• the need is one of pressing emergency in which delay would be injurious to the public interest;
  • the estimated expenditure does not exceed $25,000;
  • the nature of the work is such that it would not be in the public interest to solicit bids; or
  • only one person is capable of performing the contract.Footnote 11

CSC also uses Standing Offers to procure a wide range of goods, such as food and pharmaceuticals, and services such as couriers and temporary help. Standing Offers are arranged by Public Works and Government Services Canada (PWGSC), to provide departments with a more efficient means of procuring goods and services at prearranged prices with set terms and conditions, for set periods of time. Presently there are five types of standing offers:

  • National Master Standing Offer (All departments across Canada);
  • Regional Master Standing Offer (All departments for a specific region);
  • National Individual Standing Offer (One department across Canada);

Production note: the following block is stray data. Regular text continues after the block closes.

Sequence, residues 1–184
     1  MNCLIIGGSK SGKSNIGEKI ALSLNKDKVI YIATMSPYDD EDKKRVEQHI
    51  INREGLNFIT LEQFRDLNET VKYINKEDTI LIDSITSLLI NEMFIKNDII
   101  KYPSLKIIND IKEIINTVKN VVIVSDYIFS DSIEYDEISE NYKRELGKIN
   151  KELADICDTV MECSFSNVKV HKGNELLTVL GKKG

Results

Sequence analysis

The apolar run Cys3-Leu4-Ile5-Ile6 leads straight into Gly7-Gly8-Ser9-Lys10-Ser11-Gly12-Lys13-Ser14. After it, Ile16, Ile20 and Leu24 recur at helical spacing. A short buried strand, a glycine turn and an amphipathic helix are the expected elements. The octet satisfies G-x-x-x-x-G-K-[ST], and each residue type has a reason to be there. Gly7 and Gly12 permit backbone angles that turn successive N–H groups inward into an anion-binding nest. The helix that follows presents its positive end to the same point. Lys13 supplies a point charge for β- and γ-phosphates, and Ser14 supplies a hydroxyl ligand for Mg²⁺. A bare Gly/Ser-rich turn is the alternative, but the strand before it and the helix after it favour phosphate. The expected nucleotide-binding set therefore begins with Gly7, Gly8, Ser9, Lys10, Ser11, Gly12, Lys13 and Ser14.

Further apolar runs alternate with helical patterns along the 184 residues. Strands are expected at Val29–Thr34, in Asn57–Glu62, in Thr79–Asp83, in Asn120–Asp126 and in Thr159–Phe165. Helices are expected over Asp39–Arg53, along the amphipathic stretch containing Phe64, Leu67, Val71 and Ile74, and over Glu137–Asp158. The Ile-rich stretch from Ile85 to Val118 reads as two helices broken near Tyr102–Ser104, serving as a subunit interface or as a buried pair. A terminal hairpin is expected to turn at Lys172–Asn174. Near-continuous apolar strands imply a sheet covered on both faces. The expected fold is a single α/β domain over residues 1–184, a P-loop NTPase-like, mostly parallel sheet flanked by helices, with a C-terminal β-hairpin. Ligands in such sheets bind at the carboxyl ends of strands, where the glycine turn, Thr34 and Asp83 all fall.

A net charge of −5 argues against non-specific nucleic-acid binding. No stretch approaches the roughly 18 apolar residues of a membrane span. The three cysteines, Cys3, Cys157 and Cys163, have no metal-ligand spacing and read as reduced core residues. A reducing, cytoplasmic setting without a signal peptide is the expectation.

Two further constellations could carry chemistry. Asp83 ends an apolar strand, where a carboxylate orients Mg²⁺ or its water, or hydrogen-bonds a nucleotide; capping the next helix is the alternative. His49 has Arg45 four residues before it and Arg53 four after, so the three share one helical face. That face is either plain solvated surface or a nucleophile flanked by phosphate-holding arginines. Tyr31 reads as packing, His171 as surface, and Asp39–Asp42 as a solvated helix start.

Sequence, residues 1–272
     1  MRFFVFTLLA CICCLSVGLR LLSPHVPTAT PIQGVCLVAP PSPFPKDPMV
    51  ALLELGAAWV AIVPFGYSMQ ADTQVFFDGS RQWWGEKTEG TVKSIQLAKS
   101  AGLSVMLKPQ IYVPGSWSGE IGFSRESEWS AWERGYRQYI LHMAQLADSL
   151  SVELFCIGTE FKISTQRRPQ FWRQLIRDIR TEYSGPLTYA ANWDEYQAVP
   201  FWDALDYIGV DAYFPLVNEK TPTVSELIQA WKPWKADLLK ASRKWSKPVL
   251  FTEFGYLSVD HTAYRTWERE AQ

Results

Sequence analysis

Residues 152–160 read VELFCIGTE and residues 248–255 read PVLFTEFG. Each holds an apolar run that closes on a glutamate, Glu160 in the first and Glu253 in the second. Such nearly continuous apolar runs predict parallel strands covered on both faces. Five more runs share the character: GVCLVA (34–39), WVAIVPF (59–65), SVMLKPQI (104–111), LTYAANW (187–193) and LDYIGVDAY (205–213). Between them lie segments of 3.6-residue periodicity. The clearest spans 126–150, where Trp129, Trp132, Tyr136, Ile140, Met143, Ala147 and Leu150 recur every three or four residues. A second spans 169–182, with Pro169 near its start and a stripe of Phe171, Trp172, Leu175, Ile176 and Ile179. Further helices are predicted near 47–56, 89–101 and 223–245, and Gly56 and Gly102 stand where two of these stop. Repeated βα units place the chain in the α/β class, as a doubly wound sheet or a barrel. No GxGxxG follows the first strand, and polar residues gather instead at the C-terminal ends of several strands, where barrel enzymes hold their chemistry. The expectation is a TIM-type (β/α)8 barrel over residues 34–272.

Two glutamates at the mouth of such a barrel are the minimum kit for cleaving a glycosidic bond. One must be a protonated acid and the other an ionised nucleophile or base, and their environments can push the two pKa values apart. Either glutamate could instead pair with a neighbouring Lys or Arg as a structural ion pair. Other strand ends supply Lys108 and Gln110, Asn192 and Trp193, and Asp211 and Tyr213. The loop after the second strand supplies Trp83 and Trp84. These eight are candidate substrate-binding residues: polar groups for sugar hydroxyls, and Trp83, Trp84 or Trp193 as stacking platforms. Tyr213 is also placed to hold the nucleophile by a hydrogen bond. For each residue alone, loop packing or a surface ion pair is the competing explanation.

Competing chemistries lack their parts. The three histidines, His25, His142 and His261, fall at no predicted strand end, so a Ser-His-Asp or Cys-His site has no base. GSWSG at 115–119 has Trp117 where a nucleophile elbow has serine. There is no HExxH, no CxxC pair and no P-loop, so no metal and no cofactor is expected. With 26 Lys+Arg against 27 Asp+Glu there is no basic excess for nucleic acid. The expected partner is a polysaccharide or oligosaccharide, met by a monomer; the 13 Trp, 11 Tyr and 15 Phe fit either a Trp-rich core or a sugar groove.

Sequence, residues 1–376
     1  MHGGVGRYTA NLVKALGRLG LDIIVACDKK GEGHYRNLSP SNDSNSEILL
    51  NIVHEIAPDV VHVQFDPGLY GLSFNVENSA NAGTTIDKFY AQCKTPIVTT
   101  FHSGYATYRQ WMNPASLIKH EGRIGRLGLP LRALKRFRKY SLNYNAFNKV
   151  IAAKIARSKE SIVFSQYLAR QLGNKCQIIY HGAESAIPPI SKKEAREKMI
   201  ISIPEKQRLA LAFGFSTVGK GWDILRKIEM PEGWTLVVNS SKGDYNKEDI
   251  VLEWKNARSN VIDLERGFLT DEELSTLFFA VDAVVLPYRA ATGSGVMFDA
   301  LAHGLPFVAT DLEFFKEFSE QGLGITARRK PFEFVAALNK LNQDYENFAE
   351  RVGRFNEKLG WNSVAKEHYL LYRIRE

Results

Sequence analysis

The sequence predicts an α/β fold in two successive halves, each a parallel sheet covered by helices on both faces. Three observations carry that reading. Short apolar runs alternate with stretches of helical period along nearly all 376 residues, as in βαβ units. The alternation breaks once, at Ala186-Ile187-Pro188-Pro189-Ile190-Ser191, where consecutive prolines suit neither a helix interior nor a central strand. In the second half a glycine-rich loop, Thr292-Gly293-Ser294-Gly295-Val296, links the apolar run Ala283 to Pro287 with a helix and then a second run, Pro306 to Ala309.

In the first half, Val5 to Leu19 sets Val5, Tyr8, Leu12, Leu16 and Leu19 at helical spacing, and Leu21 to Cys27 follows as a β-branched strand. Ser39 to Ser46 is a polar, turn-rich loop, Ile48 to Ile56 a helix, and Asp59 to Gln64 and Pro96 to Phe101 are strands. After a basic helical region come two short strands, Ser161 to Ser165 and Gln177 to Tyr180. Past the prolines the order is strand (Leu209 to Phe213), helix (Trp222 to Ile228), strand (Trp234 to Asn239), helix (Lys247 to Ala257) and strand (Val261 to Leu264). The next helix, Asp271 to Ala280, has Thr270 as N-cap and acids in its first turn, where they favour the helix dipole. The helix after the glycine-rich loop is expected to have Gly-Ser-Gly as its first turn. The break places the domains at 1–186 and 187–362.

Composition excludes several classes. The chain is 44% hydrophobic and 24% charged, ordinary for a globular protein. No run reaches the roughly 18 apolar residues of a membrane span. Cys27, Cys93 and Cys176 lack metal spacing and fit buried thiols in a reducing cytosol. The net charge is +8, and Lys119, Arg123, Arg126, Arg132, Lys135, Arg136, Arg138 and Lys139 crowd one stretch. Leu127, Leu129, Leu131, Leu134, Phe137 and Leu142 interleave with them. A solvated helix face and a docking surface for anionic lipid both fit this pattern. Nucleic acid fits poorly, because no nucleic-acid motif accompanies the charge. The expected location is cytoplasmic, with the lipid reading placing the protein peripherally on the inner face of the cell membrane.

• Regional Individual Standing offer (One department for a specific region); and
  • Departmental Individual Standing offer (One department – PWGSC, not the department, has the authority to enter into a contract).

1.4 Organizational Structure

Contracting and procurement activities are decentralized at CSC. There is a Contracting and Materiel Services (CMS) group and a Contract Review Board (CRB) located in each region, including NHQ. While NHQ provides functional guidance for the organization, the regional CMS groups report to their respective regions.

National Headquarters

The Departmental Comptroller's Branch is responsible for the planning, development, implementation, administration, integration and monitoring of contracting and procurement activities at CSC. NHQ CMS ensures:

  • policies generated by central agencies are explained and communicated to the regions;
  • CSC and central agency reporting requirements are met; and
  • ongoing application of contract monitoring measures and initiatives to enhance probity and use of good contracting practices.